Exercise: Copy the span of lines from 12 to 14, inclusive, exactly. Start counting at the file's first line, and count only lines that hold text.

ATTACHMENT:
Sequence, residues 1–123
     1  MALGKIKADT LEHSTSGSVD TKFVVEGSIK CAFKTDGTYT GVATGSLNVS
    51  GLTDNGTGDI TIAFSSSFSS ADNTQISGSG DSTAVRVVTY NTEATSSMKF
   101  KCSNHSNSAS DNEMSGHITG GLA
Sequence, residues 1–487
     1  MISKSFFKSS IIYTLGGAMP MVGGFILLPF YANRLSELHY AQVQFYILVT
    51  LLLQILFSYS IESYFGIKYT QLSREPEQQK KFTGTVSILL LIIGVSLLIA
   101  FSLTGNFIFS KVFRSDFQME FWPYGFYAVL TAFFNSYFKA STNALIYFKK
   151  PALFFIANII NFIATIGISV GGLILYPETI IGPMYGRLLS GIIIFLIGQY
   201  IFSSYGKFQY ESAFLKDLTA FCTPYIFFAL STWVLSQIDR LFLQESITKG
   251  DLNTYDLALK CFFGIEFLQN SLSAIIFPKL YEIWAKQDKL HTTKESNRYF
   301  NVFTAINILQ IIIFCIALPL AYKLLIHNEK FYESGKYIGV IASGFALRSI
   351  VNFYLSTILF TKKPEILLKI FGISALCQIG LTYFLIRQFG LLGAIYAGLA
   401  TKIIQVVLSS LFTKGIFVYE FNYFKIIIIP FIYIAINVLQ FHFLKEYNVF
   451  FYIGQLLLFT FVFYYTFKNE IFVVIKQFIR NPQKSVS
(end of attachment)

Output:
   301  NVFTAINILQ IIIFCIALPL AYKLLIHNEK FYESGKYIGV IASGFALRSI
   351  VNFYLSTILF TKKPEILLKI FGISALCQIG LTYFLIRQFG LLGAIYAGLA
   401  TKIIQVVLSS LFTKGIFVYE FNYFKIIIIP FIYIAINVLQ FHFLKEYNVF